This article was written in 2007 and is still relevant today. It’s a review of the book Why Fathers Count: The Importance of Fathers and Their Involvement with Children. The article itself contains many reasons why fathers are important. The contribution to family life made by mothers is not in any way minimized. However, statistics confirm there has been a marked increase in fatherless families in recent decades, therefore, the focus on fathers. “Children need more than ever the presence and guidance of fathers in family life.” To read the rest of the article, click here.
The Church calendar indicates that we are in Ordinary Time (September 2016). Although it may be Ordinary Time, we will experience the extraordinary event of the Canonization of Mother Teresa on September 4, 2016. What could be more extraordinary than a 5 foot tall sister who took every moment of her life doing ordinary things to the fullest of her ability? She followed God’s call even when she herself was struggling in her relationship with Jesus. How many of us would throw our hands up in frustration when our relationship with Jesus felt like it was waning? But she didn’t.
Take a look at this short interview with Father Brian Kolodiejchuk, the Missionaries of Charity’s priest in charge of Mother Teresa’s sainthood cause, who says she’s a compelling role model of holiness in our time because she did ordinary things, but she did them extraordinarily well and with extraordinary love.
As this Year of Mercy continues (December 8, 2015 to November 20, 2016), let us ordinary people do ordinary things extraordinarily well and with extraordinary love as Mother Teresa did.
Sheltering the homeless is one of the corporal works of mercy. For those of us who read the book Beautiful Mercy and followed along with the homilies this past spring, we were given practical ways to incorporate the corporal and spiritual works of mercy into our everyday life.
During these hot summer days, the well-being of the homeless in our community comes to my mind more often due to the lack of their ability to cool off. While we are in our homes sitting with our air conditioning and fans, our homeless are searching for a place which will allow them respite from the weather. I quite often stop at a gas station to pick up food and water to give to a homeless person I have just driven by and hope in some small way I am helping. I can only imagine what it must be like to be homeless during these hot summer months, or the cold winter nights, but Canadian Bishop Donald Bolen went further than imagining and decided to spend a couple of days living as the homeless do. He experienced first-hand how invisible homeless problems and people can be. Take a look at this article from Vatican Radio regarding the days Bishop Donald Bolen spent with his homeless community. May all of us keep those in need of the basic living essentials in our prayers and hearts.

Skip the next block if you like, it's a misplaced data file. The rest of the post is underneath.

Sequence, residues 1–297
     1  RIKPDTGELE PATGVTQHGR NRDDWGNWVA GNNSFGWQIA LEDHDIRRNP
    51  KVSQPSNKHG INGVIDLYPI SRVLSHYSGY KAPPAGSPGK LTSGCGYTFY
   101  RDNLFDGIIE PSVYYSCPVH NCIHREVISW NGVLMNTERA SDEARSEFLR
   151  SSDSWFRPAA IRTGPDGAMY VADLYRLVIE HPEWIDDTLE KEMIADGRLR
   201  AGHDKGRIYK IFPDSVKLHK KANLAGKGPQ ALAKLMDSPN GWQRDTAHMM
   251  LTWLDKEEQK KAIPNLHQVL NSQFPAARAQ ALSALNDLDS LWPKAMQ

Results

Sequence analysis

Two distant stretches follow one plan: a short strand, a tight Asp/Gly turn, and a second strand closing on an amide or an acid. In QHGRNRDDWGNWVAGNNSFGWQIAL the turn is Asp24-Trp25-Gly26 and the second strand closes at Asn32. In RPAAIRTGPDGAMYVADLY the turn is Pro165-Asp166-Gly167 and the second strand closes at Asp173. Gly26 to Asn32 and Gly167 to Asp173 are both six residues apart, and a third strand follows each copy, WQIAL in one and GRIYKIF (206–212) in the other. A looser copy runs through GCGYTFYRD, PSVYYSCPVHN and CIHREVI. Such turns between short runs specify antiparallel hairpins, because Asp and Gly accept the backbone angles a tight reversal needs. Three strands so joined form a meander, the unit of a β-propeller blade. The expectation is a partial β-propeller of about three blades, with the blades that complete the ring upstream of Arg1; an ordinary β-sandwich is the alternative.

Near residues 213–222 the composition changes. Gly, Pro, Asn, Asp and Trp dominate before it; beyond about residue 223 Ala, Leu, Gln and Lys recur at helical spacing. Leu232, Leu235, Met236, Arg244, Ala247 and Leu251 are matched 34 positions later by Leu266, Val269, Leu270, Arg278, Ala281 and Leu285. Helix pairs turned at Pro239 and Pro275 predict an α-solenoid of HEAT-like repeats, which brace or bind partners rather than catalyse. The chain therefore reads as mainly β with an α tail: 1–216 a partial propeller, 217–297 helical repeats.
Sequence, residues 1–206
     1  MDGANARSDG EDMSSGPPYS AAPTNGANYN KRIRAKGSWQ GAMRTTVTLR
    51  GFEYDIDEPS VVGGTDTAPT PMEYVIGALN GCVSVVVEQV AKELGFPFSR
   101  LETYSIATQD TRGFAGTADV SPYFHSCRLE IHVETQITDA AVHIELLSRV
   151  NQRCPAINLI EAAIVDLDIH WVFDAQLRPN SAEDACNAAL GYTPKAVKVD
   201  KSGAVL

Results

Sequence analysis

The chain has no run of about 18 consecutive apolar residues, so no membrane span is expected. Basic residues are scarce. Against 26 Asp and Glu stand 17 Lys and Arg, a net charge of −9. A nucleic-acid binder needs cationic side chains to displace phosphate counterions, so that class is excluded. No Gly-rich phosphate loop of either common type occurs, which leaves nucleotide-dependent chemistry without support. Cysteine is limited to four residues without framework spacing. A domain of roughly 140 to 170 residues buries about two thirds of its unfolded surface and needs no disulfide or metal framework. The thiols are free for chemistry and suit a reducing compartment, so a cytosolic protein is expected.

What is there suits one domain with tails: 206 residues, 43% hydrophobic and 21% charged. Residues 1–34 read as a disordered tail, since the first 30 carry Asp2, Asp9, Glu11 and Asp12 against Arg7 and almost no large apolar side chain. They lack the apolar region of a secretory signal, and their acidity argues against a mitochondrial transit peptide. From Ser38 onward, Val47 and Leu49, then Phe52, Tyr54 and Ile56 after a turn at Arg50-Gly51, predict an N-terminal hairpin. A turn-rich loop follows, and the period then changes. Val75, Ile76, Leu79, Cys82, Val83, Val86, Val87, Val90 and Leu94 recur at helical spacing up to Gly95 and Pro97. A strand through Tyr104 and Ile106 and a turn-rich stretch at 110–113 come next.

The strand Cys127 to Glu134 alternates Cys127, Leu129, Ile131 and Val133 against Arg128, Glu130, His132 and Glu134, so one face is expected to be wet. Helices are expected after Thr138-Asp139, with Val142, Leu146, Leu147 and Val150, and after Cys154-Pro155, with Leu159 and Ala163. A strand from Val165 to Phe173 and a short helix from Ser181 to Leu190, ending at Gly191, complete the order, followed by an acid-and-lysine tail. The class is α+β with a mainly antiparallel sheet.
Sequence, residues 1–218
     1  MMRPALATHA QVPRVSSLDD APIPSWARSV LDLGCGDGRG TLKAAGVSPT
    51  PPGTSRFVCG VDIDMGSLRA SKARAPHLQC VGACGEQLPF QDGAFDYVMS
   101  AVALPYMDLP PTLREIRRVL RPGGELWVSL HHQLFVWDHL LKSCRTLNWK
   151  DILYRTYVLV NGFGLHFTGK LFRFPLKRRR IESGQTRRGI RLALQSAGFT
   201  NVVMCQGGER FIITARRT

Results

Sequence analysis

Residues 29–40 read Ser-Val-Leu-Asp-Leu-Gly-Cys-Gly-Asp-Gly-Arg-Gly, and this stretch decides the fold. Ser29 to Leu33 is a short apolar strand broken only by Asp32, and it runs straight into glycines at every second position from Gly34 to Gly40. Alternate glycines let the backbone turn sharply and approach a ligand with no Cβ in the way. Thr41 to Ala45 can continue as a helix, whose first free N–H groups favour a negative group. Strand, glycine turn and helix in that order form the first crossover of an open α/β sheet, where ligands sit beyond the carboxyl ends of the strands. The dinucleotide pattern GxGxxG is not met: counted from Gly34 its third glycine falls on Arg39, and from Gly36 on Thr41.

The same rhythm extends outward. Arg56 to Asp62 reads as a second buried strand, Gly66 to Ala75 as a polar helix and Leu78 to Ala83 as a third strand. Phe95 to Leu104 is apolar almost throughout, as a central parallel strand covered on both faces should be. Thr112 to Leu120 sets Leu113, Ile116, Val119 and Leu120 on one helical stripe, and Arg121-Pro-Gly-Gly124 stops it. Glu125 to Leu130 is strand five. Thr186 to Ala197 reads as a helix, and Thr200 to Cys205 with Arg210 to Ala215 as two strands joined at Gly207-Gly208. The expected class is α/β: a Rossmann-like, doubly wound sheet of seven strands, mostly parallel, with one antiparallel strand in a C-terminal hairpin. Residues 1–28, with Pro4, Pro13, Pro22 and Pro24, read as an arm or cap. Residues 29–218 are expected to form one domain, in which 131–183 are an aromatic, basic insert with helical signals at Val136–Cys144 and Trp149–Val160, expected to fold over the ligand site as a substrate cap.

With the Feast of St. Valentine approaching, it has me wondering how many of us know the true meaning of the word love. Oh we all know about the hearts and cupid’s arrow, and we all know how to say “I love you” to people who mean so much to us but there is so much more to be shared by giving or receiving love.To me, the word love means to treat each and every person I meet as if they were a member of my family or better yet, as if they were Jesus, himself. I think Pope Francis expressed the meaning of love quite well during his homily on January 9, 2016. Take a minute to read the following article. The Meaning of the Word Love
By: Parishioner Kathy Vandersteen
Father Robert Barron talks about the Union of Christ and the Church in this video, which is video 6 of his series on Catholicism. It’s one-hour of inspiration and eye-opening enrichment. The knowledge of Jesus as the living church is beautifully explained. Click here to see the video.